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GE Opens ‘Brilliant Factory’ Export Hub in India

Posted By Paul Tate, February 17, 2015 at 10:03 AM, in Category: Factories of the Future

While GE is actively seeking to reshore some of its production back home to the U.S. –– water heaters and refrigerators for example –– the company also has its sights clearly set on expanding into new markets around the world.

Last weekend, GE officially inaugurated an expansion to its 67-acre manufacturing plant in Chakan, near the western city of Pune in India, in the presence of Indian Prime Minister Narendra Modi.

The multi-purpose plant will produce a range of GE products for the local aviation, rail, oil and gas, and diesel engine markets. But it will also act as an export hub, shipping around half of its output to the company’s network of global factories outside India, said GE.

Perhaps one of the most interesting aspects of the new plant is that part of the $200 million GE has invested in the facility is focused on creating what GE calls a ‘Brilliant Factory’ – a highly-digitized, flexible, connected production environment able to switch effectively between different product lines.

“The brilliant factory is more than 3D printing parts from digital files, which we already do,” said Christine Furstoss, global technology director at GE Global Research. “We can build a factory that can make itself better.”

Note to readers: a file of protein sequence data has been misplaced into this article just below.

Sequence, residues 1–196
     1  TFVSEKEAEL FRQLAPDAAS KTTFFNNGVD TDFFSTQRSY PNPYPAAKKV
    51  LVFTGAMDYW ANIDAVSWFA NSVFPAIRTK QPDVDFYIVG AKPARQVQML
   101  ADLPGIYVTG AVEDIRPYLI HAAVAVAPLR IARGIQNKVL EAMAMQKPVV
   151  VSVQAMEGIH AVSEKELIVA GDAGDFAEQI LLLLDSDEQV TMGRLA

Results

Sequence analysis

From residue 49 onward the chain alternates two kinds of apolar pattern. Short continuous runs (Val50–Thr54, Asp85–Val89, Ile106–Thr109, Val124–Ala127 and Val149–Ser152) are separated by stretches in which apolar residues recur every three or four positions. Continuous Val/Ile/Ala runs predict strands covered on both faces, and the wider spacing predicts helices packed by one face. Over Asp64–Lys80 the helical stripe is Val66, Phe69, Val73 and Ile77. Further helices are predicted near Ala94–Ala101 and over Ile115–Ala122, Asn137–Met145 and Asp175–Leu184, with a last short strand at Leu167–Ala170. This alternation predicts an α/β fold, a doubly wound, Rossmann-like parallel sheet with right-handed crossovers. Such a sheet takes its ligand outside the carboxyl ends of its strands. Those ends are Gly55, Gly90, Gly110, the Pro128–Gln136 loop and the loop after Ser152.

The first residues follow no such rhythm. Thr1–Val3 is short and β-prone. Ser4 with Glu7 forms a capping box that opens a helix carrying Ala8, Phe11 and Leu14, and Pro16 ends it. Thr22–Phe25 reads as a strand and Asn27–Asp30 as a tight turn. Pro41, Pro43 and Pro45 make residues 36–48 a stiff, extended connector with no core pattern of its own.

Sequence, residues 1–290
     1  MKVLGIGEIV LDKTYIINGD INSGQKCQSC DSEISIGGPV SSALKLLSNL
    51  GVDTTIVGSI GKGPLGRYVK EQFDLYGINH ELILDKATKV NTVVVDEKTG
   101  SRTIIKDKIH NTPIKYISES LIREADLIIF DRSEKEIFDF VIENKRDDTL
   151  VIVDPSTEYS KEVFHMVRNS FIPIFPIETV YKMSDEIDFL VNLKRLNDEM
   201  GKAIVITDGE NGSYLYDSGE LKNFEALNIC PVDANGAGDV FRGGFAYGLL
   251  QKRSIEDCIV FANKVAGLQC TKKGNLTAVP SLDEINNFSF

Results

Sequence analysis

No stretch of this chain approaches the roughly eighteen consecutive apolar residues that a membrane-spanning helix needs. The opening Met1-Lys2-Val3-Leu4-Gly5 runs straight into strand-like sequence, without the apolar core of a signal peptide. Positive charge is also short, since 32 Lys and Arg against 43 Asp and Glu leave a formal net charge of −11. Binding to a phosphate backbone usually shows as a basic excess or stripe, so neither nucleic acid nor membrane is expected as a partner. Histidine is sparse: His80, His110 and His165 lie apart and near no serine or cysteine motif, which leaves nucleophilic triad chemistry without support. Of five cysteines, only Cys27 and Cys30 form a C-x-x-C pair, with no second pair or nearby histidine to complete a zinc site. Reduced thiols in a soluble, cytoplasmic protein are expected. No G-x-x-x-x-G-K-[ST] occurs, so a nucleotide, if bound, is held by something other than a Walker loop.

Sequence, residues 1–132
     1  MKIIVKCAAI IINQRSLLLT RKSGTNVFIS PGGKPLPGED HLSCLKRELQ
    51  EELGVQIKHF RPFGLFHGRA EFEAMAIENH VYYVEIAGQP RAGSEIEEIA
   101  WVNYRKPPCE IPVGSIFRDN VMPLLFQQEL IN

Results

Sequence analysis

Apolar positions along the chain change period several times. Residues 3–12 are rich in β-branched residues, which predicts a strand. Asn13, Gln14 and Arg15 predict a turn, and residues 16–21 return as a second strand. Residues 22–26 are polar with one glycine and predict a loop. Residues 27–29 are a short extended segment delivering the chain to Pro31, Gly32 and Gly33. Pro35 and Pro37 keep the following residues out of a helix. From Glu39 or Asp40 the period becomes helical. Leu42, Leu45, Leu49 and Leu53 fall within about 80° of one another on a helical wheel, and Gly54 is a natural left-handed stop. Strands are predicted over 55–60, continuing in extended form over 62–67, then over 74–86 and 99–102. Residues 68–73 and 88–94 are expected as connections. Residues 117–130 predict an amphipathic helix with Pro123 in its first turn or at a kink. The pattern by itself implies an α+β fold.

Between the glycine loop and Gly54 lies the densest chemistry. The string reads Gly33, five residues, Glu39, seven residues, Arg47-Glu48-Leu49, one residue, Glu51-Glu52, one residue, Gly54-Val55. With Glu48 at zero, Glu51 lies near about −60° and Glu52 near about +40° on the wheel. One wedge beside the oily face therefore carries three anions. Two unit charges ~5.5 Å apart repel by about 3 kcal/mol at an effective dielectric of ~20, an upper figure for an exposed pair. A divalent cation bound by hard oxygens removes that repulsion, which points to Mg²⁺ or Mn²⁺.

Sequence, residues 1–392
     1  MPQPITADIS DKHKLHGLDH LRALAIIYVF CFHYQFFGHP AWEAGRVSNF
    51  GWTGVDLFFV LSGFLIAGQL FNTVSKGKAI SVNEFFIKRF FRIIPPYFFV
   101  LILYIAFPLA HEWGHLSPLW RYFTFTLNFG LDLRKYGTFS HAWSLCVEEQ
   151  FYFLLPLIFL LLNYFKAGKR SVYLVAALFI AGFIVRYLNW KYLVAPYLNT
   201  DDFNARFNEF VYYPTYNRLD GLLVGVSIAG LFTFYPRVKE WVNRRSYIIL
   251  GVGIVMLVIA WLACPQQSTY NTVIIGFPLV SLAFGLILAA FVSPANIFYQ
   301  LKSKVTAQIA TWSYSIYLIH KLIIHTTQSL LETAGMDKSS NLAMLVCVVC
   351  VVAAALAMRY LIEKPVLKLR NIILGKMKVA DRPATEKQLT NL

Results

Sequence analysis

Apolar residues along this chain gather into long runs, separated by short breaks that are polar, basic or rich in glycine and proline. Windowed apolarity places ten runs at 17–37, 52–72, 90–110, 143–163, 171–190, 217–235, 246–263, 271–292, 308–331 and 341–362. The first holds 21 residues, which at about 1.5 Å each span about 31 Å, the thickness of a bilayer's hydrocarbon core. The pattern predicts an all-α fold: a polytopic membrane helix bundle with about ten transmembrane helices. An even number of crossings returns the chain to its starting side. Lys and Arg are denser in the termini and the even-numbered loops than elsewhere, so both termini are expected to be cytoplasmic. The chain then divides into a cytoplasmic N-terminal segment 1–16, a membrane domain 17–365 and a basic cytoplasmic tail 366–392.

According to GE, the plant will be among the first test beds for GE’s Industrial Internet platform and Brilliant Factory concept, which envisages machines and tools communicating with managers and between each other in real-time, helping to improve quality, prevent failures and downtime, and connect with extended supply, distribution and service networks.

The new plant’s 15,000 employees are then expected to be able to easily share production lines, support infrastructure and advanced equipment like 3D printers and laser inspection technology as they create different ranges of products for four different GE business groups.

“The plant will allow us to quickly adjust production as demand comes in, using the same people and space,” commented Banmali Agrawala, president of CEO of GE South Asia, in a GE report.

“The multi-modal plant,” he added, “…will give us a chance to invest in the right tools, processes and training, keep our machines utilized, and develop new products faster and cheaper. It will also give a chance to experiment and try new things.” 

Written by Paul Tate

Paul Tate is Research Director and Executive Editor with Frost & Sullivan's Manufacturing Leadership Council. He also directs the Manufacturing Leadership Council's Board of Governors, the Council's annual Critical Issues Agenda, and the Manufacturing Leadership Research Panel. Follow us on Twitter: @MfgExecutive


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